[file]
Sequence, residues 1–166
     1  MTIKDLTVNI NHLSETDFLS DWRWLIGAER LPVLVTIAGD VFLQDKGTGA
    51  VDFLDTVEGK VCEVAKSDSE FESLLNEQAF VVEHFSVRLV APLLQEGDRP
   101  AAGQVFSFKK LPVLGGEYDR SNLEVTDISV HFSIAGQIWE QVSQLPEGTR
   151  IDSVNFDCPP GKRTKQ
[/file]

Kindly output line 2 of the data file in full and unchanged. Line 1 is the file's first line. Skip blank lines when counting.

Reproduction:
     1  MTIKDLTVNI NHLSETDFLS DWRWLIGAER LPVLVTIAGD VFLQDKGTGA